Unlike the majority of science fiction (and fantasy) magazines of the 40s and 50s, The Magazine of Fantasy and Science Fiction eschewed interior art. The issue of September, 1955 was an exception to this policy, featuring two illustrations – below – by Frank Kelly Freas, which accompanied Poul Anderson’s tale “Operation Afreet”.
To view Edward Emshwiller’s original cover art, visit https://yellowedandcreased.wordpress.com/.
Illustration by Hubert Rogers, for L. Ron Hubbard’s story “To The Stars” (p. 87) This is the “original” art as published in Astounding. Unusually for Rogers, one character – the man – has been rendered as a “positive” image, while his lady friend is depicted in “inverted” tones.
The same illustration as above, but digitally “inverted” and enhanced using Photoshop, to make the image of the woman clearer. Notice that Rogers has included his initials – “H.R.” – on the park bench.
The first issue of Horace Gold’s Beyond Fantasy Fiction featured cover art from the stylistically unique and extraordinarily imaginative Richard Powers. Typical of much of Powers’ work, the finished painting features a variety of organic elements combined with arbitrarily curved, streamlined, ostensibly mechanical objects. Akin to many of his works, the recognizable “human” form is kept to a minimum, in terms of size and prominence: In this example, the only human being is in the diminutive form of a woman exiting the scene, at the lower left. An upraised human hand, visible through a doorway, adds an air of mystery and symbolism – of what? – to the scene.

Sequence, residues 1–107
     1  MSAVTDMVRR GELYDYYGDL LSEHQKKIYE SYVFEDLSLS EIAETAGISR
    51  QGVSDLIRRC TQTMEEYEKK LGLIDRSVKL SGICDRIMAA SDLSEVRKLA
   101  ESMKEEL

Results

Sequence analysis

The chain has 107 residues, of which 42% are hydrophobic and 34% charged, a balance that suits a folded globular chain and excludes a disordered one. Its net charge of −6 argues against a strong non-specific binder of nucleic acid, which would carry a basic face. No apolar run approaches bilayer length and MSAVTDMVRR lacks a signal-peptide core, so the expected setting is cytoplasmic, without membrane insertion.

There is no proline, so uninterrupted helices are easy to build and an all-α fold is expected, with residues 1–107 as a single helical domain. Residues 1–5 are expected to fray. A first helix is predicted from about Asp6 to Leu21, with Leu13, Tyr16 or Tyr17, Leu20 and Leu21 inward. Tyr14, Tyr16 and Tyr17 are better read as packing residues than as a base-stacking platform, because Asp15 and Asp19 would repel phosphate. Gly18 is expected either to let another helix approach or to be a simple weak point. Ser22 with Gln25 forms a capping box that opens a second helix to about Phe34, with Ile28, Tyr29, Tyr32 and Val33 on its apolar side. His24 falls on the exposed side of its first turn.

For another example of Powers’ work, see this post…